A lot of the Islanders success had to do with shutting down the firepower of the Canucks offensive lines, and not allowing the team with the best power play in the league to score with the man advantage.

“Special teams I think is key,” Capuano said. “Right now it’s attention to detail. We’re at the point right now where they understand what the coaching staff wants them to do and the positions and guidelines that we’ve given them. The biggest thing right now is their execution.”

Josh Bailey #12 of the New York Islanders tries to gain control of the puck in a game against the the Vancouver Canucks on January 11, 2011 at Nassau Coliseum in Uniondale, New York. (Photo by Mike Stobe/NHLI via Getty Images)
And implementing those guidelines have really helped step up the Islanders power play. In their last six games, the Islanders have drawn 18 penalties and have scored eight power play goals, meaning they have scored 44.4 percent of the time they’ve had a man advantage.

“Aside from the Edmonton game, our power play has been doing really well, which is nice because we had that big drought in the middle of the year,” MacDonald said. “I think everyone is on the same page and clicking. There are times here where special teams are going well and there are times when they’re going bad, so I think we had our dry spell there and now we’re really on the same page and clicking. It’s nice to see.”

The Islanders penalty kill has also been on a tear. While they’ve taken a combined 19 penalties in their last seven games, they’ve only allowed one power play goal. That means the Islanders have a 94.7 percent success rate on the penalty kill in that seven-game span.

“For our penalty kill, we do quite a bit of video and our coaches do extensive research on it, so there are a lot of little adjustments that we’re making and have proven to be very good,” MacDonald said. “But your best penalty killer is your goalie and ours have been fantastic on the kill so far.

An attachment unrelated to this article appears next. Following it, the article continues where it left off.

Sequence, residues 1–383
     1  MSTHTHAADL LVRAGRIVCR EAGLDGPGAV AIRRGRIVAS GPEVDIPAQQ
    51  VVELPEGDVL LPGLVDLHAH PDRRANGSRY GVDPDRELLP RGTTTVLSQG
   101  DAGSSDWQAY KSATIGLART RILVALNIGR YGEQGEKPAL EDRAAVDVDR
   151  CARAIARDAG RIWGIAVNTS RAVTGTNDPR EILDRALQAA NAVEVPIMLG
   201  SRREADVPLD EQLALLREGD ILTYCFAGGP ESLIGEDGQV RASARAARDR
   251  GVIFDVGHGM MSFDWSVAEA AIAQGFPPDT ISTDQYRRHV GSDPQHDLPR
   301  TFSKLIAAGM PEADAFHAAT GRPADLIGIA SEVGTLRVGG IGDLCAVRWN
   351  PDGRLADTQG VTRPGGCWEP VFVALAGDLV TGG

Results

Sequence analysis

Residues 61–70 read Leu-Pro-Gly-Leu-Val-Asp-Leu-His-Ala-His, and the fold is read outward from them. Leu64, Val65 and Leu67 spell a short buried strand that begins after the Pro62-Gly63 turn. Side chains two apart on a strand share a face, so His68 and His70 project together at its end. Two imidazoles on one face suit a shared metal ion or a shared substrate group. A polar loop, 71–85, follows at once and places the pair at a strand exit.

Even though the Islanders special teams have been performing so well, they must still be prepared for the Senators. Their road power play is tied for eighth in the league standings as they score 20.6 percent of the time they have a man advantage. Their penalty kill can be just as lethal as their road penalty kill is tied for ninth with 83.1 percent.

“If you go through the Senators lineup, they have the talent there to definitely have a winning team,” MacDonald said. “Teams go through little spells where they’re struggling and this seems like it’s one of those for them. By no means would we consider taking that game lightly at all.”

Hopefully the Islanders will continue on their path to success by defeating the Senators and decreasing the point differential from within five points in the Eastern Conference league standings to just three.